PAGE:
Outside Magazine, 1999 Annual Travel Guide
Gear to Go
From helmets to boards, performance and comfort are high on this year’s list
By Sean O’Brien
HELMETS AND HATS
With in-the-trees riding the rage, helmets have been rescued from dork-brigade status. Leedom, Red, and Giro all offer noggin protection that looks good and doesn’t impede performance. The easy-glide vent technology of the Giro Ravine ($125) makes air-flow control a breeze. The Giro Bugaboo ($80) was designed for kids, with light weight in mind, and can be traded in for $20 off another helmet when junior is ready for a larger size. If helmets aren’t your thing (tsk, tsk), wear a beanie. The acrylic Morrow Racer ($25) or
Turtle Fur’s wool and fleece EcoWool Beanie ($12.50) both provide hassle-free warmth for the head and ears.
While snowboarding’s Olympic debut was suitably scandalous, the masses thronging to sideways sliding these days aren’t the green-haired punks of yore. You no longer have to look or act age 17 to enjoy snowboarding, and performance and comfort — not attitude — are the catchwords this year. This season’s quiet revolution is toward snowboarding jackets with high-end
fabrics like Gore-Tex and Polartec, a broad color palette reflecting the sport’s new diversity, and more venting and layering options than ever. Silhouettes have normalized — baggy extremes are gone, replaced by designs dictated by the technical needs of the rider. The Westbeach Dylan II ($350) incorporates ample venting through the chest and
back, a roll-away hood, and taped seams. Similar high-end features are found on Bonfire’s Platinum Jacket 2 ($305), which has an articulated hood that maximizes peripheral vision — preventing your heelside turns from becoming demolition derbies. Looking for a technical jacket without the wallet sting? Helly Hansen’s
Grinder ($160) and the new Power Girl Parka from Cold As Ice ($198) are mid-priced performers offering technical features and designs once found only on high-end outerwear.
Waterproof, breathable, easy to vent, and tough enough to handle inadvertent butt slides: These are all-important traits for snowboarding pants. Burton’s Tri-lite ak ($270) are top-of-the-line Gore-Tex pants specifically designed to maximize a snowboarder’s range of motion. Sessions JL Vortex ($220) will never be confused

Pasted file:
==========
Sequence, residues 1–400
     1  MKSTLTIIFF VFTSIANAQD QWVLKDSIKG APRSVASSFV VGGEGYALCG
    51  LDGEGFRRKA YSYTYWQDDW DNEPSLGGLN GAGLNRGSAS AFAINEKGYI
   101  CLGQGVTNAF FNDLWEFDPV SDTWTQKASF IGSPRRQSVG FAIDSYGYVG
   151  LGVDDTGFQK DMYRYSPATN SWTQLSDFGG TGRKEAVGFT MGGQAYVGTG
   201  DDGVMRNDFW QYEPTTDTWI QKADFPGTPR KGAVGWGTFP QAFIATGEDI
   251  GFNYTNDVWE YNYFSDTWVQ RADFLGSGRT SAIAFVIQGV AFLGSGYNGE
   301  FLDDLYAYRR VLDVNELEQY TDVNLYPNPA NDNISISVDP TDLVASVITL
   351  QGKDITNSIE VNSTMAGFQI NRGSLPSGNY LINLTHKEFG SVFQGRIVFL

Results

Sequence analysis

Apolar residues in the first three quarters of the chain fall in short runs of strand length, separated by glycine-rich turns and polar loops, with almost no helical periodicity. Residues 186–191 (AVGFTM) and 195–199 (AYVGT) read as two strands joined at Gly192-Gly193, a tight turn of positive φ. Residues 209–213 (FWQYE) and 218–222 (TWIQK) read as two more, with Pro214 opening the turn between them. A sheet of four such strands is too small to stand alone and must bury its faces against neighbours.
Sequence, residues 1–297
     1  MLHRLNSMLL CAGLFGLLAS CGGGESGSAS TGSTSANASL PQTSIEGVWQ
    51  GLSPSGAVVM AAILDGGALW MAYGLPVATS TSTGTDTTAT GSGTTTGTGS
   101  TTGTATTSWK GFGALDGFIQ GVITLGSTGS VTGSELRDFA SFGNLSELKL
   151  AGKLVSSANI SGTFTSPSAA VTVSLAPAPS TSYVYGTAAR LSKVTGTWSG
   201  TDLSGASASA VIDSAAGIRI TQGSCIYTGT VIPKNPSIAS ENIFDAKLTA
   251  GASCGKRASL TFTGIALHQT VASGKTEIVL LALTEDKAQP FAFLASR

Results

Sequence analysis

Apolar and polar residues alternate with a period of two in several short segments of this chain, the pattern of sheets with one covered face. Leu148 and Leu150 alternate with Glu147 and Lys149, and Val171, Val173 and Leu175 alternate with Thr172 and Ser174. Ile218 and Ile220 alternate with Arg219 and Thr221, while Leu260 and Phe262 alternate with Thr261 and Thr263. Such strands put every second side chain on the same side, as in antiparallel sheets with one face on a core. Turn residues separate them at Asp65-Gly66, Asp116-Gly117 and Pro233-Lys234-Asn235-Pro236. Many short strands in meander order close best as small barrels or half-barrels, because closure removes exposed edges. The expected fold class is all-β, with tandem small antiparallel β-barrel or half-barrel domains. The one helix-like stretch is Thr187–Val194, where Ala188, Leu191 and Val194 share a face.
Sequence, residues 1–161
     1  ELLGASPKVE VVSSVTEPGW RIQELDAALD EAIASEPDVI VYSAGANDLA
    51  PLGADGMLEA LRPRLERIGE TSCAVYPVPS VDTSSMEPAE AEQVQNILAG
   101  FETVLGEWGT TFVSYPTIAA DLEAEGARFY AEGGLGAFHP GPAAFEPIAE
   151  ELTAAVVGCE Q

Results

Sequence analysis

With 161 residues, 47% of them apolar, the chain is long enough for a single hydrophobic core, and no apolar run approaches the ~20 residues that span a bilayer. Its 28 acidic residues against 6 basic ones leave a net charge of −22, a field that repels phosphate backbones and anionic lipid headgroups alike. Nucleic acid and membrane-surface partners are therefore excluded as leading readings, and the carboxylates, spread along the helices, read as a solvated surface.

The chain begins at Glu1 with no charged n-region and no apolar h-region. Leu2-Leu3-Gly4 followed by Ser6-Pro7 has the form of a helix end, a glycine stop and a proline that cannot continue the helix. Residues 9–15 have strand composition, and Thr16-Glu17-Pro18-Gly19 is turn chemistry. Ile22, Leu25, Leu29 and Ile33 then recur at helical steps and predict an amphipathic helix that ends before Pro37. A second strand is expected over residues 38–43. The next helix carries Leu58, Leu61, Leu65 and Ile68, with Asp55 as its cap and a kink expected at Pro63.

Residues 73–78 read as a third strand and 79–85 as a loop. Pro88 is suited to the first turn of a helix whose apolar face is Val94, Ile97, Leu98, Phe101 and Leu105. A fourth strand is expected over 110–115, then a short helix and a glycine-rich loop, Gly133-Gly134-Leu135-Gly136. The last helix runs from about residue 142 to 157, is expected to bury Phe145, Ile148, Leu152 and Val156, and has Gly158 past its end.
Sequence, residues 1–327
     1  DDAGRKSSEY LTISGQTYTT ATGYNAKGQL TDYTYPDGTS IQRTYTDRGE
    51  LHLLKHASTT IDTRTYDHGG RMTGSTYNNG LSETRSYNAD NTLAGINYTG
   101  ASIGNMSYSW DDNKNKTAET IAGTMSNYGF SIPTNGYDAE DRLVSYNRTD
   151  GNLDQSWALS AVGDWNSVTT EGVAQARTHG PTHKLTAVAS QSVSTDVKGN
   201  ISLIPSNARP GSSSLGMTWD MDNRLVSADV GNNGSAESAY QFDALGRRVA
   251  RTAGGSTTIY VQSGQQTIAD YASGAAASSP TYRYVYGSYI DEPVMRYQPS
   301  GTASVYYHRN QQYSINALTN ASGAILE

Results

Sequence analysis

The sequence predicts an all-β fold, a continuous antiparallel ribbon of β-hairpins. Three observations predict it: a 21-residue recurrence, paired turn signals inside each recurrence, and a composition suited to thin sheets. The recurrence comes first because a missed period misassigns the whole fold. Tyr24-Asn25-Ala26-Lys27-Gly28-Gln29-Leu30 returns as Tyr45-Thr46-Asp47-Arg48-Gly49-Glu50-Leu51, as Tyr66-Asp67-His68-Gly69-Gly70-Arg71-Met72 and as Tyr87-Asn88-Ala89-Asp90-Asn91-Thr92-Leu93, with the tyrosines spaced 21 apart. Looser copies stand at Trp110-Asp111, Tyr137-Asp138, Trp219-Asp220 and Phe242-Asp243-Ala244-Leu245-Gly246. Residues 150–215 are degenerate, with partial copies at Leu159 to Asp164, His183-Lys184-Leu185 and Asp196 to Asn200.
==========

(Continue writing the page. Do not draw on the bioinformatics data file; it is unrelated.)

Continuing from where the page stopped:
with those powder-puff poser pants cowering in the base lodge. These Gore-Tex workhorses have side zips, taped seams, and fleece lining at the knees and seat to make resting more comfortable. The Cold As Ice Paint Box Pants ($150) offer women snowboarders figure-flattering styling, insulation options, and the now-mandatory waterproof/breathable
performance — all in a mid-priced package.
Nothing robs confidence like fogged-up eyewear. Luckily, the feline Oakley Racing Jacket ($125) has ample venting in its solid, hingeless frame — as well as wide lenses for full range of vision. Even on bluebird-sky days you need a quality glove. The Da Kine Ranger ($75) has removable fleece liners for versa-tility
and a soft amara MSD (Mucous Storage Device) nose wipe you’ll almost instantly love (sick but true). After a dozen runs, you’re gonna need a drink. The new, insulated CamelBak SnoBowl ($53) comfortably molds to your back and stows 50 ounces of cotton-mouth relief.
BOOTS AND BINDINGS
Step-in boots and bindings now offer convenience and a level of performance even pro snowboarders respect, so some say it’s just a matter of time before strap bindings and soft boots are relegated to the ash heap of
snowboarding history. But hold on. Deep powder, backcountry riding with long walks, and halfpipe hits are still areas where strap bindings excel. The new Sims Posi-Link binding ($179) offers a heat-treated aluminum baseplate and ratchet buckle, and a baseplate extension (called a Power Ramp) that increases leverage on toeside turns and reduces toe
drag. Couple this with Northwave’s new The Master soft boot ($269), with its ankle-protecting Biomex technology, and you have a winning setup. But there’s good reason why the whole snowboarding world is abuzz about the Burton SI Ruler boot ($230) and Burton SI (step-in) binding ($170). After years of threatening to make a
step-in, Burton finally has its team riders’ seal of approval on the system. The result is an external highback binding that allows the boot to remain soft and flexible, and a boot-to-binding attachment system without vibration-prone metal-to-metal contact. The only question is, will the system live up to its hype?
Try out any new snowboard this year and odds are it will work pretty well. After years of refinement, sidecuts are dialed, boards are relatively light and durable, and inserts don’t pull out anymore. Drastic changes are hard to find, but refinements abound. For example, Lib Technologies’ Emma Peel was introduced in ’91 and has been tweaked ever since.
This year’s model ($408) features a Teflon titanium base material for low drag and high speeds, and a wood core that uses encapsulated air to reduce weight. The Ride Timeless ($450) uses a tip-to-tail wood core with strips of carbon-fiber on top and strips of kevlar underneath for a fast, chatter-free ride.
Photographs by Gary Hush
Copyright 1998, Outside magazine